Chris Daly Rocks the Boat
Good start, but looking for more stories like this: This is a great article [“Captain Outrageous,” Joe Eskenazi, Feature, 2/2]. I especially like the “Stolichnaya structures” line. But this is of concern to me: “San Francisco regularly seals bad deals, and it could have done so again with the America's Cup — or made no deal, and lost the Cup.”
If San Francisco regularly seals bad deals, then is that just a “dog bites man” story? I would assume so because SF Weekly to have ignored every other instance where [former Supervisor Chris] Daly successfully went toe to toe with powerful interests, such as Rincon Towers and Trinity Plaza, not to mention the countless other instances where city finances are pilfered by the already wealthy. The piling on Daly for negotiating these deals with his constituents' best interests put first was universal. That politicians rarely do this should be front-page news every day.
Will this piece and Matt Smith's passable piece on mayoral succession [“Ed Lee Gone Wild,” 1/12] indicate now that Daly is termed out and the David Chiu-Willie Brown-Rose Pak nexus has decapitated progressives, that journalists feel safe to put the progressive case in a positive light? Might SF Weekly do what the Guardian has not been able to do: critically cover the machinations behind city politics that drain public resources so the wildly rich can have a good time, leaving the rest of us to hold the deteriorating bag?
Yachts divert attention from vacant stretch of Market Street: Yay for Chris Daly saving San Francisco from a bad America's Cup deal! And yay for Chris Daly negotiating the massive Trinity Plaza project at Eighth and Market streets! But it still does not make up for his standing in the way of redevelopment plans for mid-Market in 2005. The stretch of vacant and abandoned buildings between Fifth and Eighth streets can be greatly credited to his stubborn refusal to compromise on affordable housing. Now there's no new affordable housing in that section of Market. Though much is happening in mid-Market despite him: CityPlace between Fifth and Sixth streets and the upscale international hostel at Seventh and Market being prime examples of an equally stubborn resurgence of Market Street.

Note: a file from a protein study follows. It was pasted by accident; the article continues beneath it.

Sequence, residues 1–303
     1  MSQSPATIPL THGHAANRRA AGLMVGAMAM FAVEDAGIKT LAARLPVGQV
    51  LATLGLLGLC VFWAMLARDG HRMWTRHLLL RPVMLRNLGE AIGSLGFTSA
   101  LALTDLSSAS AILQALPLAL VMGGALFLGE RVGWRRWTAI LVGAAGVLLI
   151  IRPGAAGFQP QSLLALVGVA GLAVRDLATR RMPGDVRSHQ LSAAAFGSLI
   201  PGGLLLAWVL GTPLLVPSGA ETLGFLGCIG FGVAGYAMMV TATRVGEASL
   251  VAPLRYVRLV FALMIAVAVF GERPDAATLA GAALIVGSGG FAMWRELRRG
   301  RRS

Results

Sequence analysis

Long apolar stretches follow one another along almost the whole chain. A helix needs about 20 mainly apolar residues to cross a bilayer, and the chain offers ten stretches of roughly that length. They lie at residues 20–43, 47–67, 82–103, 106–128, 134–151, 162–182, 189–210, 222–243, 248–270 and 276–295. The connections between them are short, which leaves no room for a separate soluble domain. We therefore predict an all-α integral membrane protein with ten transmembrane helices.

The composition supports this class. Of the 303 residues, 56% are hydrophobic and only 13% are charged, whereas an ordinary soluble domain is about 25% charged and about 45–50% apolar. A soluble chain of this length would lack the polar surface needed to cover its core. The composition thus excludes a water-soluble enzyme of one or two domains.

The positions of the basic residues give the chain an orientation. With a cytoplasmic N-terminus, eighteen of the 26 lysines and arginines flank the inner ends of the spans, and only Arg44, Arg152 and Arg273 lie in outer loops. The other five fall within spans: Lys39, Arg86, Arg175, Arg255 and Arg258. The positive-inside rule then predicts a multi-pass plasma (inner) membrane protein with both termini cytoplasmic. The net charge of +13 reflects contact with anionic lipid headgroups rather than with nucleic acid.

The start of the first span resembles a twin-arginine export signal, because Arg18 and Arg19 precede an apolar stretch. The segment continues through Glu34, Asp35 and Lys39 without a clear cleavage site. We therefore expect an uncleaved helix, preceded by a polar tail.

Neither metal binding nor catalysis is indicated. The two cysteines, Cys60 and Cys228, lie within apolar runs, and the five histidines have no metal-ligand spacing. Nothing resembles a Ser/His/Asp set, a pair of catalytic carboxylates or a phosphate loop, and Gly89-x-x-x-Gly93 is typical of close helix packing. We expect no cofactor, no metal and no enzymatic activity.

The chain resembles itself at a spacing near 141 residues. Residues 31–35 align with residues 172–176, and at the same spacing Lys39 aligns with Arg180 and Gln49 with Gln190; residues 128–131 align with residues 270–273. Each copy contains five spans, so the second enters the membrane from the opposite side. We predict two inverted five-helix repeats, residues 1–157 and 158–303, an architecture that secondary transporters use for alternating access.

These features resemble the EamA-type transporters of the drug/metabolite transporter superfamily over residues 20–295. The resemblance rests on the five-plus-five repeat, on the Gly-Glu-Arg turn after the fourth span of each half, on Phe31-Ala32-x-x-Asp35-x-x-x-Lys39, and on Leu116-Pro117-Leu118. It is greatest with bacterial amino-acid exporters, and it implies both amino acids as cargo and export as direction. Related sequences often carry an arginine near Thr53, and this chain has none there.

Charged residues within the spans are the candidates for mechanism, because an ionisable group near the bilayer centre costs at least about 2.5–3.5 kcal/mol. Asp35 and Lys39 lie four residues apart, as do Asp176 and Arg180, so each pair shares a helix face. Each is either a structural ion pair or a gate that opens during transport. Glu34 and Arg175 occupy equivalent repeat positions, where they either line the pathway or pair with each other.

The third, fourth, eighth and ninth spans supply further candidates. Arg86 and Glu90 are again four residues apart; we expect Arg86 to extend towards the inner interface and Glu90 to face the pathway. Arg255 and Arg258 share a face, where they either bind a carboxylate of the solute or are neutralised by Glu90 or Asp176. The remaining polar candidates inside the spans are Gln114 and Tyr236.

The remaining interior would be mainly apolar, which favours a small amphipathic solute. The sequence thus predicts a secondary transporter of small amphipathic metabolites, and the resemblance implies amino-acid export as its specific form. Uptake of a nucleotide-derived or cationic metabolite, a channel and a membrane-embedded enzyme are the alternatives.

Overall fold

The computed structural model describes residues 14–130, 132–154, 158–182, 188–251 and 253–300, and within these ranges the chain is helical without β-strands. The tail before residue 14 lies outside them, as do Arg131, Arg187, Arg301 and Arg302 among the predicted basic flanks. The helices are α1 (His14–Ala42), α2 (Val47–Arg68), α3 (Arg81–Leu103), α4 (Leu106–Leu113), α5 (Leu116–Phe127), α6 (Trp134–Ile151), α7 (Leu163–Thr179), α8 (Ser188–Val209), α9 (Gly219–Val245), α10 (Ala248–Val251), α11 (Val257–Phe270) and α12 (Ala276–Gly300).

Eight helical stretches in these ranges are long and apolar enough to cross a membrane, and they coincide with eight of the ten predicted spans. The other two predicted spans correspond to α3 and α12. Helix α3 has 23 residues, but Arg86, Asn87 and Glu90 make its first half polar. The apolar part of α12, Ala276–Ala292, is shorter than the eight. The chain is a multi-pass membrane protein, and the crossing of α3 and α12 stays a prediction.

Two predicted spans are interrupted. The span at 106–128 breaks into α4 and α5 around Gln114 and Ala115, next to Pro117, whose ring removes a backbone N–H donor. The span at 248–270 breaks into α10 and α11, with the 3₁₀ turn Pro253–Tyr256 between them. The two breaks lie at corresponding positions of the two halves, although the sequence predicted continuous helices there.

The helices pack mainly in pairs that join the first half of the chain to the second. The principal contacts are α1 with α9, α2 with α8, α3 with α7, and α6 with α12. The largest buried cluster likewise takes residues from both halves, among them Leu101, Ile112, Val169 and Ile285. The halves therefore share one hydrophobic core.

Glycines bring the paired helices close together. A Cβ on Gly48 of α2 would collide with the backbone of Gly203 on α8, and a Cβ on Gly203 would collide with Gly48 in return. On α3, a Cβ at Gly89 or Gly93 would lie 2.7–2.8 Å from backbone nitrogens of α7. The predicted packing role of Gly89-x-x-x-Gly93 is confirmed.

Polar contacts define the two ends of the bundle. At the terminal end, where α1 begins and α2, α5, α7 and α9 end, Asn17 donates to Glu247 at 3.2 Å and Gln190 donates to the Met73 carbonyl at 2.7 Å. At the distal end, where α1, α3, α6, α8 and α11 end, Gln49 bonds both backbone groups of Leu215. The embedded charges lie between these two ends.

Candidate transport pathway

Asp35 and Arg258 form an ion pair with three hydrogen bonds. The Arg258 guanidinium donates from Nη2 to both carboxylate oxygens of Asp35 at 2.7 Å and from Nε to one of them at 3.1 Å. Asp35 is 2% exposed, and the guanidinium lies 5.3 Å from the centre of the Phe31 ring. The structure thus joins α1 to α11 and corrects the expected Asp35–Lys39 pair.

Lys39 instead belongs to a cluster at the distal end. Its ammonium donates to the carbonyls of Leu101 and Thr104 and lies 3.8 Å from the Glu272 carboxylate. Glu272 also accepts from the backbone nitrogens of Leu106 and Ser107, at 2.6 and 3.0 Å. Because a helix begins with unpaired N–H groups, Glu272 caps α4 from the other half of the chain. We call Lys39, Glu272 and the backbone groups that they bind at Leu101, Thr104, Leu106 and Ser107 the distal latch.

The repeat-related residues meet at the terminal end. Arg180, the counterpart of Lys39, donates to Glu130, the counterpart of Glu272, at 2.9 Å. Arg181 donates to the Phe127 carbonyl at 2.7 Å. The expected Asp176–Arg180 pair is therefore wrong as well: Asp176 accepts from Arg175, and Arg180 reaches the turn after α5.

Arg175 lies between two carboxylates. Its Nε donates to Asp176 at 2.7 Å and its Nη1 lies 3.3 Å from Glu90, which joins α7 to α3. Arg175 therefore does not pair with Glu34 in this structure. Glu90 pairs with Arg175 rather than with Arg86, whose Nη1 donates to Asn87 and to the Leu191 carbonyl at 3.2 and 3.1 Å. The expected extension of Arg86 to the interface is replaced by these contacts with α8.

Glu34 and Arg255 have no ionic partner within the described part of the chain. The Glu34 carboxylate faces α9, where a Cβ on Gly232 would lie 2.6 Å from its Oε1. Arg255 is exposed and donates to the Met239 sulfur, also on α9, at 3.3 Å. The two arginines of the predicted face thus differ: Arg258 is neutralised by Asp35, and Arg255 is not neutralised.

What's an Employee Worth?
Being on-call ill-defined as premium pay: As a physician, I got $9 an hour when I was on call after hours [“Your Money for Nothing,” Peter Jamison, Feature, 1/26]. That is defined as “premium pay,” but in fact it's less than [San Francisco] minimum wage. Yes, it was part of my job, but since when is paying city employees for time worked considered “money for nothing”? I'm supposed to be up all night taking calls (it didn't always happen that way, but sometimes it did) for free?
Think of trading SFPD for Patrol Specials: Supervisor Sean Elsbernd says that he has “no doubt” there are inefficiencies in the application of the city's little-known premium-pay add-ons to inflated city employee salaries. So, what's he going to do about it? Without an action plan, the supervisor's comment reads as just more of the same union-influenced politics. Nor does it surprise me to learn that near the top of the list in premium pay are police officers earning $15.5 million during 2009. That's about 5 per cent of the entire police department budget of some $380 million.
In view of our city's continuing disastrous deficit, I think it's high time to shrink the overpaid police department and put that money to better purposes. Turn over the never-implemented SFPD “community policing” effort to the privately paid Patrol Special Police. Have city agencies like Muni and the library, where the homeless have apparently taken over, contract with this effective neighborhood patrol force. Why have expensive SFPD officers check bus tickets or politely refer the homeless to shelters and needed programs? Patrol Specials know how to do it right. They come promptly when called, and don't consider crime prevention or compassionate policing to be babysitting, as some public police officers do. I guess that just makes too much sense for San Francisco.
The Eat review “Brain Food” [Jonathan Kauffman, 2/2] incorrectly stated that Oakland restaurant Plum is owned by the Daniel Patterson Group. It is owned by Canis Major, which Patterson and Lauren Kiino co-own. SF Weekly regrets the error.